Sunday, October 30, 2011

Newsround at 8.55am this morning -

Leah: First to the St Paul's Cathedral demonstration. We've heard this morning that the Bishop of London will meet with the protesters to ask them to leave. The protests have nothing to do with St Paul's itself; protesters are there because it's near the London Stock Exchange, where banks and money organisations are based. Protesters are angry about how banks and governments around the world are using money.

Wednesday, October 26, 2011

It seems I'm not alone in criticising of the BBC's poor coverage of minority sports. In January Newsround Blog questioned why they took the decision to do away with Sportsround, and replace it with MOTD Kickabout.

To add insult to injury, MOTD Kickabout lingered on through the summer, filling its time with pointless nonsense such as spoof holiday postcards from famous footy players. MOTD Kickabout is dire, and should make way for a return of Sportsround, or a similar programme responsibly dealing with a variety of sports.

Football is a favourite topic for Newsround. This morning, for example, there was the news about Carlos Tevez's intention to sue boss Mancini. But Newsround is, once again, late with controversial news involving John Terry - so far there has been no mention of the racism row involving the England captain and Anton Ferdinand. And the other footy racism row between Suarez and Evra has also been given a miss.

Monday, October 24, 2011

Eagle-eyed viewers of CBBC's Sarah Jane Adventures who watched The Curse of Clyde Langer story might have noticed a name above the counter where food was served to homeless people. The charity was called Steven's Point.

Sarah Jane Adventures - The Curse of Clyde Langer
Steven's Point

Unlike Centrepoint, Steven's Point appeared to promote the Christian religion. First we saw a crucifix on the wall from a distance:-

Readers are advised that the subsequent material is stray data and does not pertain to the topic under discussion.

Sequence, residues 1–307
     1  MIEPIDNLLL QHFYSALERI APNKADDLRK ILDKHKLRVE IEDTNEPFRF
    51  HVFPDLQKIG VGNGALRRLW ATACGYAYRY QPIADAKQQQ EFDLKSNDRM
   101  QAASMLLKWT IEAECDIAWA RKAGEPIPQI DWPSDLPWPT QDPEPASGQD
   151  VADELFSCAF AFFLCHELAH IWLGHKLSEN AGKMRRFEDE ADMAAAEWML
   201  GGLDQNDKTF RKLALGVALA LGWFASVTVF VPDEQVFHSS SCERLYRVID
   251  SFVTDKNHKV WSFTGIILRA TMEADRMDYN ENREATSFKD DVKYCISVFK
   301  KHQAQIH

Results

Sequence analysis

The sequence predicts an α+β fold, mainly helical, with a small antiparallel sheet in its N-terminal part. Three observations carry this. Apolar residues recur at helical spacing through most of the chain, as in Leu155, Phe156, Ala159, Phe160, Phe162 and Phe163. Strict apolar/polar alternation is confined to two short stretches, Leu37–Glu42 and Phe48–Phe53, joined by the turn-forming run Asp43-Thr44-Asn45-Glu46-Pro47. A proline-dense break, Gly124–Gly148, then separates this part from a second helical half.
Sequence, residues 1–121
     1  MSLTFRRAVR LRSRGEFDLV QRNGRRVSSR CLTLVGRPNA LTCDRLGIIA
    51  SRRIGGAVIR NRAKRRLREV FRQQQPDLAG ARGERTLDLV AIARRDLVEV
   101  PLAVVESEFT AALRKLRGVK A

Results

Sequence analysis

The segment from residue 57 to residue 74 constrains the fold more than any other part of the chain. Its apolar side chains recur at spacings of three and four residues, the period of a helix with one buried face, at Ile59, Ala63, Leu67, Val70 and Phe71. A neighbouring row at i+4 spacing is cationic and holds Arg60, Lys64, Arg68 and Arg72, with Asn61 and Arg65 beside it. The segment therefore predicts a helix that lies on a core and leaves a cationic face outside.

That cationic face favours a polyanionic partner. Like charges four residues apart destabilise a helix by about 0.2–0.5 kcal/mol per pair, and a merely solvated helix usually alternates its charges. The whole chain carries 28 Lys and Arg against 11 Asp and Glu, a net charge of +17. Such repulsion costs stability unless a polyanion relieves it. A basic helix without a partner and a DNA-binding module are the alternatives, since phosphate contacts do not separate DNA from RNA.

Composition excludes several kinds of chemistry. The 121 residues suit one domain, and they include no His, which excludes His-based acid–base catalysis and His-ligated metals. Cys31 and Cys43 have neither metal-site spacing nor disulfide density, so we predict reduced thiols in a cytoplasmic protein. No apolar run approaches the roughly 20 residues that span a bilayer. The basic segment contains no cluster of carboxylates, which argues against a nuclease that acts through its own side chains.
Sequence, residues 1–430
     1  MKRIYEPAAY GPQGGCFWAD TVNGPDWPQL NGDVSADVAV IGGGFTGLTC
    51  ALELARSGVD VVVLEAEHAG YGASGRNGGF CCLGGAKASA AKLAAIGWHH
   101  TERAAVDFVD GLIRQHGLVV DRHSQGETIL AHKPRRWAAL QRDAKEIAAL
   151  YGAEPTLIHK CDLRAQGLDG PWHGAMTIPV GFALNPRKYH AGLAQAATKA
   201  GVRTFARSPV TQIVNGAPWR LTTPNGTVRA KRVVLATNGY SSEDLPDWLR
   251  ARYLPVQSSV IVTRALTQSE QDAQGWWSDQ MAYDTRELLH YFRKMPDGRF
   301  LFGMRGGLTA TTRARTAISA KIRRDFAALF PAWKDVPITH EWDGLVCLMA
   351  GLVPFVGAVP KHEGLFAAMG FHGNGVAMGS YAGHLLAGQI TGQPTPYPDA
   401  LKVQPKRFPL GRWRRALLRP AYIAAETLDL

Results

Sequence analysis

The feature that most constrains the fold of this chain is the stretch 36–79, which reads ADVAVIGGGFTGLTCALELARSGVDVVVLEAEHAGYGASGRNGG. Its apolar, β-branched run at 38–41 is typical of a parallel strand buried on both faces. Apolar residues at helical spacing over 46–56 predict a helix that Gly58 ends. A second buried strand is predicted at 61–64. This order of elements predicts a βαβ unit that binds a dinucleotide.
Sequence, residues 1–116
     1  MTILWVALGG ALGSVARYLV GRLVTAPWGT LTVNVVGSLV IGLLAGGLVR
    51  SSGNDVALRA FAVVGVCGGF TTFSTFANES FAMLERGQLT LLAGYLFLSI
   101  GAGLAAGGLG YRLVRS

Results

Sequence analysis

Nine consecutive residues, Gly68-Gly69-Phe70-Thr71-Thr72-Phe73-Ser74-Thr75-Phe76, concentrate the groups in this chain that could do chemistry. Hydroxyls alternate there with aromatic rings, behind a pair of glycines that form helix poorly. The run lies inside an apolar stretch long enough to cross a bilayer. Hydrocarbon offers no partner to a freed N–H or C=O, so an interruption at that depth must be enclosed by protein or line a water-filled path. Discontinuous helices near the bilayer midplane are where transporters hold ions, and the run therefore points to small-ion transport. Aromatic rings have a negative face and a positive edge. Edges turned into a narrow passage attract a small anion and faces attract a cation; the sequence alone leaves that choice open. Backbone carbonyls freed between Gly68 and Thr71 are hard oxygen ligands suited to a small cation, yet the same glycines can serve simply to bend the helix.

Sarah Jane Adventures

and then, twenty seconds later, it was shown in a much closer shot:-

The Curse of Clyde Langer
I wonder whether homeless people with different beliefs might have felt unwelcome, or at least a little uncomfortable, going to Steven's Point for food. Also, what about all those gay daughters and sons who are thrown out by parents on account of old-fashioned religious attitudes. That's the reason why organisations such as Samaritans do not allow their volunteers to wear religious jewellery when talking to people who've come to them for help.

Unfortunately CBBC's Homelessness season avoided mentioning any LGBT-related issues, but compare this with my blog on 15 October 2011.

Friday, October 21, 2011

By the time kids start primary school many have picked up signals that 'gay' is a bad thing to be, and use the word as a term of abuse. Lack of gay characters on kids TV only serves to condone prejudice, and thus make the homophobic bullying worse.

Earlier this year the BBC's Director of Children's visited a group called Families Together London which represents families with LGBT children. The purpose of his visit was to talk about making children's TV inclusive, in order that all youngsters grow up being accepted and valued.

So what, if anything, is the BBC doing to challenge homophobia?

On 20th December 2010 the Director of Children's wrote in an email to me: "The pace of change is undoubtedly slower than you would like, but I would ask again that you accept my genuine and heartfelt intention is to improve things." And the message of 'It Gets Better' is that kids being bullied at school should be aware that things will be better when they get older.

FTL say they were told that nothing is going to happen 'tomorrow' - but as I mentioned in June for some kids ‘tomorrow’ is already too late.

Five months ago Jamey Rodemeyer made his own YouTube video with that very message - that it gets better. Tragically Jamey killed himself last month. And then just last week another boy, Jamie Hubley, killed himself. He was homophobically bullied at school and, with reference to the 'It Gets Better' campaign, had blogged "I don’t want to wait three more years, this hurts too much. How do you even know it will get better? It’s not."

This year Anti-Bullying Week begins on 14th November 2011, and hopefully CBBC's Newsround will not shy away from addressing the specific problem of homophobic bullying. In previous years they have failed.

Saturday, October 15, 2011

Over the last week Newsround looked at the issue of Homelessness. Hayley began her series of reports by trying to experience for herself what it's like to be homeless on the streets of London. Hayley pointed out at the start, as part of a live report from Piccadilly Circus, that the reality would be much more difficult top cope with:-